Sil­ver Birches

The London Magazine - - MICHAEL SPINKS -

Brit­tle trees Stand so close, Heads lean in to touch and talk,

Whis­per­ing mer­ci­less ru­mours, Slen­der and fair, Stroking their sil­vered trunks.

The black host be­tween, Hostages gripped In se­cret, cramp­ing cells.

Trail­ing steel of death, This man haunts him­self, Trans­par­ent as scum wa­ter.

Stand back, no touch, Derst even look. His shade Kills in­stantly each glid­ing pass.

He had de­scended The per­ilous steps Into the deeper world of loss,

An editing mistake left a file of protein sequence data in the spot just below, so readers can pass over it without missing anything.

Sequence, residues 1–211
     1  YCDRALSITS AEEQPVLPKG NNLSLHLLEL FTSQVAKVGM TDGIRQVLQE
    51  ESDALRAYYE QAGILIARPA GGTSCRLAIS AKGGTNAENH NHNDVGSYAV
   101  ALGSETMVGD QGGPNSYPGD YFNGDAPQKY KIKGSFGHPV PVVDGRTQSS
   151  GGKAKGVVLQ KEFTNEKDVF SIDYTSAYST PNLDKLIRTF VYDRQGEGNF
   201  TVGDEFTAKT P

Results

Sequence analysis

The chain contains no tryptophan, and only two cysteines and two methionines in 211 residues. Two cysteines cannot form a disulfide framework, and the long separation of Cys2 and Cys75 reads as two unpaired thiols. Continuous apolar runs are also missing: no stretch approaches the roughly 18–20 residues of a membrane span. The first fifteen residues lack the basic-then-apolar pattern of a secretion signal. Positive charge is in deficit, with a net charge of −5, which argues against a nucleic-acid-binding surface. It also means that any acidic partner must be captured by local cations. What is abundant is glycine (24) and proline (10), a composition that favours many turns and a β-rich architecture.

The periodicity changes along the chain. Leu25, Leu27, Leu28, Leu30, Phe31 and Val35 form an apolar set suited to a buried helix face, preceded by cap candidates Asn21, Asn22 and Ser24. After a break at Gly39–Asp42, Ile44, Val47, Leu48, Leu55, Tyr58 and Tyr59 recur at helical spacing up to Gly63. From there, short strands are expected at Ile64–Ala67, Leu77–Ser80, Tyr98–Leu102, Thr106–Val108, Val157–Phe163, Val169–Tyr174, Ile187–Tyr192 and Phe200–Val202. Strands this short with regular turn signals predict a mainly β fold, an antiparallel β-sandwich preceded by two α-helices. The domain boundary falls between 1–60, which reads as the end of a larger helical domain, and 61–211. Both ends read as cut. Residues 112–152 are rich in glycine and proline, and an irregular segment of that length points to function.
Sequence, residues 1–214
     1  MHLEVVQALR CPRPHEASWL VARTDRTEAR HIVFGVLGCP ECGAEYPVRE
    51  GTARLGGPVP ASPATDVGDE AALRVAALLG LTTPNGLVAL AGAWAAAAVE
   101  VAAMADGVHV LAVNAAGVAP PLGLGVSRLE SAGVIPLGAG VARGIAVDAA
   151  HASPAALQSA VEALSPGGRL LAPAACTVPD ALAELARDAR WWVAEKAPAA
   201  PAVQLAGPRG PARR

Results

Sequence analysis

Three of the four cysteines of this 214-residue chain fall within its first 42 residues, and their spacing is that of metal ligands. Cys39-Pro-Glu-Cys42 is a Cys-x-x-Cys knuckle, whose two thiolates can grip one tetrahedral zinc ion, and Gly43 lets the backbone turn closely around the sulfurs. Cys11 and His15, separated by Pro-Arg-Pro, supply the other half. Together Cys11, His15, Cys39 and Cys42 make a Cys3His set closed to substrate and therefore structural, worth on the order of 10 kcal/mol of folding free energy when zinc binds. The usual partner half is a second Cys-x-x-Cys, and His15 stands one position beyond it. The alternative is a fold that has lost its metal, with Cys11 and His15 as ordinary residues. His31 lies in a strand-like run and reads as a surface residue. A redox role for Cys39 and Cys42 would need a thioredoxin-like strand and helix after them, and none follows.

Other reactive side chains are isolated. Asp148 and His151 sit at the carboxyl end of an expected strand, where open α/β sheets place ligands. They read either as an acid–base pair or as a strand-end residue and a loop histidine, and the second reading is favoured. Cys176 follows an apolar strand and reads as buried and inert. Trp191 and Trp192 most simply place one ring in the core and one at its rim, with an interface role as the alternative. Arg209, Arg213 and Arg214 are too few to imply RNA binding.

The slid­ing pass­ways Lined with screams, The 72 hand-fin­gered sig­ils.

Across the un­flat­ter­ing wa­ter, Oars dip­ping in the sea; ‘Would you like the ra­dio on?’

The shore a con­stant

Run­ning mad ero­sion, The shift­ing slit of death.

Led to her side. Was that a touch, A blaze, a blaze of ice.

To taste again The odour of your skin, Or catch soft breath.

Cut, cut, cut, cut. It is the cry­ing Hurts the most.

An­other voice Sings out Along the buried vaults.

Blind­fold ripped away, De­spair sees off, The fig­ure fades.

No turn­ing more. Song and blood. The scenery of death is vast.

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